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Wage Mobility in Austria 1986-1996

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  • Hofer, Helmut

    (Department of Economics and Finance, Institute for Advanced Studies)

  • Weber, Andrea

    (Department of Economics and Finance, Institute for Advanced Studies)

Abstract

We examine wage mobility of Austrians, using 1986-1996 data from administrative sources. For the evaluation of wage mobility we calculate mobility measures based on transitions between quintiles in the wage distribution. A second group of indices measure wage mobility by the extent to which averaging wages over a longer period decreases cross sectional inequality. We find that mobility reduces wage inequality by 7 per cent over a six-year period. This equalising effect of wage mobility is only half as large as in other OECD countries. Considering an 11 year horizon for Austria implies a reduction of inequality of 10 per cent. Mobility is high only for young workers and for workers who changed their employer at least once during the observation period. Decomposing the sample into sex, age and worker-type groups and comparing within- and between-group mobility shows that most of the equalising effect of mobility occurs within the groups.

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File URL: http://www.ihs.ac.at/publications/eco/es-108.pdf
File Function: First version, 2001
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Bibliographic Info

Paper provided by Institute for Advanced Studies in its series Economics Series with number 108.

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Length: 20 pages
Date of creation: Oct 2001
Date of revision:
Handle: RePEc:ihs:ihsesp:108

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Related research

Keywords: Wage mobility; Shorrock's indices; Corporatism;

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References

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  1. Levy, Frank & Murnane, Richard J, 1992. "U.S. Earnings Levels and Earnings Inequality: A Review of Recent Trends and Proposed Explanations," Journal of Economic Literature, American Economic Association, vol. 30(3), pages 1333-81, September.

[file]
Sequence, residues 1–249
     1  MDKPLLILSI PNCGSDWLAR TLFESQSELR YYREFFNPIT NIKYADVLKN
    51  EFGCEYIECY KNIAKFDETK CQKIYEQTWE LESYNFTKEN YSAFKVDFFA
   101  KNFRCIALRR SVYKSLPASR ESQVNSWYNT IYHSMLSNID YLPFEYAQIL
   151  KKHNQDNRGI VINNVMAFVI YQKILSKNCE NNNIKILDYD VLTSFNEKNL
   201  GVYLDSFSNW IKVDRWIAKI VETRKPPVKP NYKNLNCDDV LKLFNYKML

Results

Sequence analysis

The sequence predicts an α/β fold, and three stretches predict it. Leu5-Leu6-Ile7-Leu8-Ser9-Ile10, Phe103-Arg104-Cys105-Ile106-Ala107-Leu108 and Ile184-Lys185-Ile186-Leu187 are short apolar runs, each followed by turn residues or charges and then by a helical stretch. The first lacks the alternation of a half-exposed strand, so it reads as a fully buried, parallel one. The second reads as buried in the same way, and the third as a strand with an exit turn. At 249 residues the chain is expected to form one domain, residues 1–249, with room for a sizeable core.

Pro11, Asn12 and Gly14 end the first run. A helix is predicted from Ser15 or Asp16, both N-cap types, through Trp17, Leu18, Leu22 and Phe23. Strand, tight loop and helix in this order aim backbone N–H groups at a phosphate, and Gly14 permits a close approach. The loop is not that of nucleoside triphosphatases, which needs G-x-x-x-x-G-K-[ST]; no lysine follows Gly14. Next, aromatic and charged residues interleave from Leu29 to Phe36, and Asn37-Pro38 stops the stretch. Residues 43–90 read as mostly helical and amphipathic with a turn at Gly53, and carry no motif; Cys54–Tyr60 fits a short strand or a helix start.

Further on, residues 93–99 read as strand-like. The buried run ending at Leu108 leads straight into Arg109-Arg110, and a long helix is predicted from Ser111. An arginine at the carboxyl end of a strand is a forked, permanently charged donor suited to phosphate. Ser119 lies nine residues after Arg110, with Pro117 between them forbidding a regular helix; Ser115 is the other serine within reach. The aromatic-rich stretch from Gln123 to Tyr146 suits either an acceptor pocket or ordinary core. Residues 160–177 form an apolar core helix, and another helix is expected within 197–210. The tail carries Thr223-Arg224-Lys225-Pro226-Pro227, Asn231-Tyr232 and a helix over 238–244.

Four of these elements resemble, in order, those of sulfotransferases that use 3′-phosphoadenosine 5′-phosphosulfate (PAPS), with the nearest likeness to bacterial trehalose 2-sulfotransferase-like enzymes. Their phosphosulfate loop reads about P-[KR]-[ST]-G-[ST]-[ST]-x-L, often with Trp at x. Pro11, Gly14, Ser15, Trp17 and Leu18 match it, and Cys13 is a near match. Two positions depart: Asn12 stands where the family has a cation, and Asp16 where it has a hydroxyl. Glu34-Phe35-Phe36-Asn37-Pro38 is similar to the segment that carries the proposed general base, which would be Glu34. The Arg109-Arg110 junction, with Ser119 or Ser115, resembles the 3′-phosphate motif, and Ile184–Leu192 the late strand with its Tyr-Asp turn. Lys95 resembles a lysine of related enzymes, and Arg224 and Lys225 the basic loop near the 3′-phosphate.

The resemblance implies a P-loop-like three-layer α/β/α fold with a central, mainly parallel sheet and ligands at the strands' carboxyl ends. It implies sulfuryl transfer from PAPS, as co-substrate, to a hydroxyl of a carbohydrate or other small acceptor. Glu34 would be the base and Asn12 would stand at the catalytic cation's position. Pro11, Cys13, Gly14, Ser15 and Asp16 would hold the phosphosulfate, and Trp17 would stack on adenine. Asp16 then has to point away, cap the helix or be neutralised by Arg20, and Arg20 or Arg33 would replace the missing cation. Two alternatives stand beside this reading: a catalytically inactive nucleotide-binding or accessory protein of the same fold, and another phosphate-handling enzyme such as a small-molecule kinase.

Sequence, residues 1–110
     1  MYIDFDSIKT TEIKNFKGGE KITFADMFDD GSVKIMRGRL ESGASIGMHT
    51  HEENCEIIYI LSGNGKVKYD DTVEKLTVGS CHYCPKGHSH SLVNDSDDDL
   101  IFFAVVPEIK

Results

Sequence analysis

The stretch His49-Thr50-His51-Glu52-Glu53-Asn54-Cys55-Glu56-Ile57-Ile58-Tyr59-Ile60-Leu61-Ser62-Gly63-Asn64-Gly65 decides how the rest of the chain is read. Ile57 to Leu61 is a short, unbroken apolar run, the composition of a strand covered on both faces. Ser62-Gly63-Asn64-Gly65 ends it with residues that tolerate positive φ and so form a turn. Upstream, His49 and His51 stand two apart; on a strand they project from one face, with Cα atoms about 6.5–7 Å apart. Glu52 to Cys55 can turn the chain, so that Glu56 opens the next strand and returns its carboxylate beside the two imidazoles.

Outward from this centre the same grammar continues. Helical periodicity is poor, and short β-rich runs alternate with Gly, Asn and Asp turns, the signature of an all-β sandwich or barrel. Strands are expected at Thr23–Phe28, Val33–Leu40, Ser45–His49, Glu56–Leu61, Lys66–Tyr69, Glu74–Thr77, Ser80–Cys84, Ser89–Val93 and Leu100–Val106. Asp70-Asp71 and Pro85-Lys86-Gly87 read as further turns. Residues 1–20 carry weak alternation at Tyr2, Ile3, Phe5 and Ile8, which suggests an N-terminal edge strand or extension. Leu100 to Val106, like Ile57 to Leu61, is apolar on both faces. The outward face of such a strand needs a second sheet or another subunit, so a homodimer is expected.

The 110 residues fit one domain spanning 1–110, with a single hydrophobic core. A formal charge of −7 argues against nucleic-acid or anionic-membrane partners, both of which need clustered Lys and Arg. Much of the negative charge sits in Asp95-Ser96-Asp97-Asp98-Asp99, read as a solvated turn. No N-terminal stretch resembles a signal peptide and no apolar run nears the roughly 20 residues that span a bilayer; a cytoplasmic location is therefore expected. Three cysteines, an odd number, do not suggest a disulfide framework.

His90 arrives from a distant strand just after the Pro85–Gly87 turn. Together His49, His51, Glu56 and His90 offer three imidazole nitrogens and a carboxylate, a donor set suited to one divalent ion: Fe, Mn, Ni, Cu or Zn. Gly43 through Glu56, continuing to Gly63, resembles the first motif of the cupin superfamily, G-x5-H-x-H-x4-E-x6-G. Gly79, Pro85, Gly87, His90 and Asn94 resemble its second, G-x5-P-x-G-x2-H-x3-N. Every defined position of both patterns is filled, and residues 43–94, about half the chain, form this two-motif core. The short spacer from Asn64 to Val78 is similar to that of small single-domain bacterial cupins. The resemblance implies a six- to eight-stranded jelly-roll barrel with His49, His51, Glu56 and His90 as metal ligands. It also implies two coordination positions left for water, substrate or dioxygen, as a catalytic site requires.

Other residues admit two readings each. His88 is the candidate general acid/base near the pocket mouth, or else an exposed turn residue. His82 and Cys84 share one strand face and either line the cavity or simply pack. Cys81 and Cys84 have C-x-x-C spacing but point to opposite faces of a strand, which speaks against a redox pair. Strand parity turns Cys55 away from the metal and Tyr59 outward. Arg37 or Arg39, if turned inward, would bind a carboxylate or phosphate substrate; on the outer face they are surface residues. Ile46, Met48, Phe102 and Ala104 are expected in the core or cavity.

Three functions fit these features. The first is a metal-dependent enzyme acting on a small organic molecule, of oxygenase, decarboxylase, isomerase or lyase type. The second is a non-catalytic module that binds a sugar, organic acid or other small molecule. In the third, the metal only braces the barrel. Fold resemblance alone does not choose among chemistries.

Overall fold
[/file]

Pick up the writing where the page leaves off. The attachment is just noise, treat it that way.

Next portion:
2. Fuess, Jr., Scott M. & Millea, Meghan, 2001. "Pay and Productivity in a Corporatist Economy: Evidence from Austria," IZA Discussion Papers 244, Institute for the Study of Labor (IZA).
  3. Helmut Hofer & Karl Pichelmann & Andreas-Ulrich Schuh, 2001. "Price and quantity adjustments in the Austrian labour market," Applied Economics, Taylor & Francis Journals, vol. 33(5), pages 581-592.
  4. repec:sae:niesru:v:166:y::i:1:p:87-96 is not listed on IDEAS
  5. Geweke, John & Marshall, Robert C & Zarkin, Gary A, 1986. "Mobility Indices in Continuous Time Markov Chains," Econometrica, Econometric Society, vol. 54(6), pages 1407-23, November.
  6. Aaberge, Rolf & Björklund, Anders & Jäntti, Markus & Palme, Mårten & Pedersen, Peder & Smith, Nina & Wennemo, Tom, 1996. "Income Inequality and Income Mobility in the Scandinavian Countries Compared to the United States," Working Paper Series in Economics and Finance 98, Stockholm School of Economics, revised Aug 2002.
  7. Moshe Buchinsky & Jennifer Hunt, 1999. "Wage Mobility In The United States," The Review of Economics and Statistics, MIT Press, vol. 81(3), pages 351-368, August.